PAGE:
Expanding access: An evaluation of Readcube as an interlibrary loan alternative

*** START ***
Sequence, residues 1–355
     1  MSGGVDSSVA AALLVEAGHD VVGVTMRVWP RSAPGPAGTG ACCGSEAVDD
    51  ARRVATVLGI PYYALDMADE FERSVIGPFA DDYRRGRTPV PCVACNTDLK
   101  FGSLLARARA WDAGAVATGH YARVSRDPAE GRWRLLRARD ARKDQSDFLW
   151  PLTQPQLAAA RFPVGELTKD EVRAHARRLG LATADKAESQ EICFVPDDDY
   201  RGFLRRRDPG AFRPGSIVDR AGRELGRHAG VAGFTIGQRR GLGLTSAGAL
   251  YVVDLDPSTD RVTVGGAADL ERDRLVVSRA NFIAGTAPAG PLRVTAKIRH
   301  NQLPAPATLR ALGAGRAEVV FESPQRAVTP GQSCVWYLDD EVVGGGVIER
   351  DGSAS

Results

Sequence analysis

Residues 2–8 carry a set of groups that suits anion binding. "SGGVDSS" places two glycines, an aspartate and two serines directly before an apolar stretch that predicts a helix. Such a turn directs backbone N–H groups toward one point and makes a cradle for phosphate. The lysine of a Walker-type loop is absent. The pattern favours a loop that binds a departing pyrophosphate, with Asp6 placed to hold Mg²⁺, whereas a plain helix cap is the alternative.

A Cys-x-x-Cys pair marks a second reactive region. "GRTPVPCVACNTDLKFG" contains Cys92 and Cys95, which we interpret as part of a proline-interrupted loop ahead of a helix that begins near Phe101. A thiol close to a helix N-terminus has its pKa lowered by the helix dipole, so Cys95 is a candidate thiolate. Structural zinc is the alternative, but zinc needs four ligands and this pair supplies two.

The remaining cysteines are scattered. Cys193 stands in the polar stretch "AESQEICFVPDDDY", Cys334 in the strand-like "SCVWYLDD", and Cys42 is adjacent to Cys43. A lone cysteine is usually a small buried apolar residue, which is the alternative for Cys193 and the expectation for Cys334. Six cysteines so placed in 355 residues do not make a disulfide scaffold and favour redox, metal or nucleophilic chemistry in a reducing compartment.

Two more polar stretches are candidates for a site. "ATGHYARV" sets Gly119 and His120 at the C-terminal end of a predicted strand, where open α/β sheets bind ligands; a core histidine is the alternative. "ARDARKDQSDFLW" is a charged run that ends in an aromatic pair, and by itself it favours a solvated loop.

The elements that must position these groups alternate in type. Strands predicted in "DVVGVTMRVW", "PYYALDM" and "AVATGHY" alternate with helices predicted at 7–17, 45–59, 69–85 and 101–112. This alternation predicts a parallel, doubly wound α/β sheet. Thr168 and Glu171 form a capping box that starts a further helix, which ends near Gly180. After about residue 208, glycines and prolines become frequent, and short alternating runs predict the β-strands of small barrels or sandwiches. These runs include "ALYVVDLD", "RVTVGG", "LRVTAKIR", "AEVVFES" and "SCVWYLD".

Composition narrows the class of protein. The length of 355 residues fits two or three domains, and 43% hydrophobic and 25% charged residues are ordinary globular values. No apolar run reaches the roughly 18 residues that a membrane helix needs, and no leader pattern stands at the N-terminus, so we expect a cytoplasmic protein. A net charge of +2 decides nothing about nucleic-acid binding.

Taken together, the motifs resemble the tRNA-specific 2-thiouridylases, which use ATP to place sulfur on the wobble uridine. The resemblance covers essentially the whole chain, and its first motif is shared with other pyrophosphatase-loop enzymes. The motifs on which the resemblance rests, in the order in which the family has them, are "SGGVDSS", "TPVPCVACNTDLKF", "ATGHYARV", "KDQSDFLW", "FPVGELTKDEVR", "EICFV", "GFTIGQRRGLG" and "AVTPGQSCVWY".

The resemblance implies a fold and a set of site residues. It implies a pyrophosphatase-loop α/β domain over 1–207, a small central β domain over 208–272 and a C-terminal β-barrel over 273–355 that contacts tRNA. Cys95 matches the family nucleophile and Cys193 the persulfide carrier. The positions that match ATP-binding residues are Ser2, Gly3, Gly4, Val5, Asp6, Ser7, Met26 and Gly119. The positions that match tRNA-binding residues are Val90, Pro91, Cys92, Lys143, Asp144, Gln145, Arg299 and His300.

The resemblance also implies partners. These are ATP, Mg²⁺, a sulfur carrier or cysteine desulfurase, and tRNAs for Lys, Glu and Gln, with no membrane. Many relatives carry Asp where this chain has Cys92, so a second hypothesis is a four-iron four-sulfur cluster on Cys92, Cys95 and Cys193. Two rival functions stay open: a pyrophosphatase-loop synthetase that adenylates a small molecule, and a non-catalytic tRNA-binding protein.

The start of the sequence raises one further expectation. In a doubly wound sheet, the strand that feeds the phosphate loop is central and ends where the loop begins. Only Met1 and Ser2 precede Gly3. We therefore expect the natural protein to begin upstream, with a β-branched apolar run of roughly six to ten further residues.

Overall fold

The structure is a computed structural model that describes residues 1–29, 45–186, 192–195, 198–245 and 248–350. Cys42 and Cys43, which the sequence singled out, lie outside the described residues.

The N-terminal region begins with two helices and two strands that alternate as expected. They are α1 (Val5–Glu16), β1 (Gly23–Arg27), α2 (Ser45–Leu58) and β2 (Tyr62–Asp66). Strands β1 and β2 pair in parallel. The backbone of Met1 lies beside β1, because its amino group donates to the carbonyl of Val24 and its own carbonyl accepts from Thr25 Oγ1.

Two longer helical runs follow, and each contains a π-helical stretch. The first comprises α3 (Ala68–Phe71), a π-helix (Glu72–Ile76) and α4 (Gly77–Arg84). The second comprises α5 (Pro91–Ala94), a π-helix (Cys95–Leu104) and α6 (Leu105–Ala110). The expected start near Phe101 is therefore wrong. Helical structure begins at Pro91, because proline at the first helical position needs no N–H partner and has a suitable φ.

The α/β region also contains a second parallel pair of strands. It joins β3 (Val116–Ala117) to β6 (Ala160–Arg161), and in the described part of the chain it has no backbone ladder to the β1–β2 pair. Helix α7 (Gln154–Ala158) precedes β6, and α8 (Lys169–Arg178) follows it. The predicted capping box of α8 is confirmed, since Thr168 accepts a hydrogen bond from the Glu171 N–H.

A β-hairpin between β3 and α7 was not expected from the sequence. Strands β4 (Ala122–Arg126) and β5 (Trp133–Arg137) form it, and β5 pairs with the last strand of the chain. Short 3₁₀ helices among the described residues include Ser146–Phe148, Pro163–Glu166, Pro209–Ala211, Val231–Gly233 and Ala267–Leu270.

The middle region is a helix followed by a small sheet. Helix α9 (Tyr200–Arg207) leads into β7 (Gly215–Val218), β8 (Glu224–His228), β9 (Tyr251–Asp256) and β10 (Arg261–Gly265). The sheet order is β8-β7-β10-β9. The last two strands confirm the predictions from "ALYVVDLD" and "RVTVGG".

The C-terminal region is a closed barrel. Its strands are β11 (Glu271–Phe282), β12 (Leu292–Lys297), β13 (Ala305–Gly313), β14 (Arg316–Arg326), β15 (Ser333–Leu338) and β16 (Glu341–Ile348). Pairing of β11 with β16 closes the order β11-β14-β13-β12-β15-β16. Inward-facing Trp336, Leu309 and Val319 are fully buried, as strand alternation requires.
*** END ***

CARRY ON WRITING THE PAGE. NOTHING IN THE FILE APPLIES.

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Objective: Readcube is a patron-driven, document delivery system which provides immediate access to articles from all journals owned by the Nature Publishing group. The purpose of this study was to evaluate the use of Readcube as an ILL (interlibrary loan) alternative for a segment of non-subscribed journals. Methods/Setting/Participants: Faculty, researchers, undergraduate and graduate students at a large, southeastern, research university which includes a School of Pharmacy and a School of Veterinary Medicine. Methodology: A questionnaire about Readcube use including satisfaction with, benefits realized, and challenges encountered was developed, approved by the institutional review board (IRB) and emailed to Readcube users. Results of the survey along with an analysis of ten month’s usage and costs are presented. Results: There were a total of 169 unique Readcube users from 3/1/2014 to 12/31/2014. These users accessed from 1 to 30 articles apiece, for a total of 420 articles and an average of 2.5 articles per user. The largest group of users were graduate students (42%, n=71), second was faculty (19%, n=32). Most requested journals were Nature Communications (n=81), Nature Protocols (n=65), Nature Climate Change (n=39) and Nature Methods (n=37). Readcube access resulted in the provision of over four times as many articles as the previous year’s access through interlibrary loan (n=91). However, cost for the 420 articles accessed through Readcube was only a few hundred dollars move than the 91 articles obtained through ILL from 3/1/2013 to 12/31/2013. Most survey respondents reported they were able to use Readcube successfully and that increased access was the most significant benefit of using Readcube. However, many respondents mentioned challenges including problems with printing and the clunkiness of the Readcube interface. In addition, some patrons resented the necessity of creating an account and logging in each time they wished to access an article through Readcube. Conclusions: Although Readcube costs were slightly higher than the prior year’s ILL costs, users accessed over four times as many articles. Patrons expressed some concerns about difficulties in using Readcube, particularly with printing, but still felt they benefited from increased and more immediate access. Auburn University Libraries has found Readcube to be an acceptable alternative to ILL for unsubscribed Nature journals and, at current levels of use and cost, consider Readcube to be financially sustainable.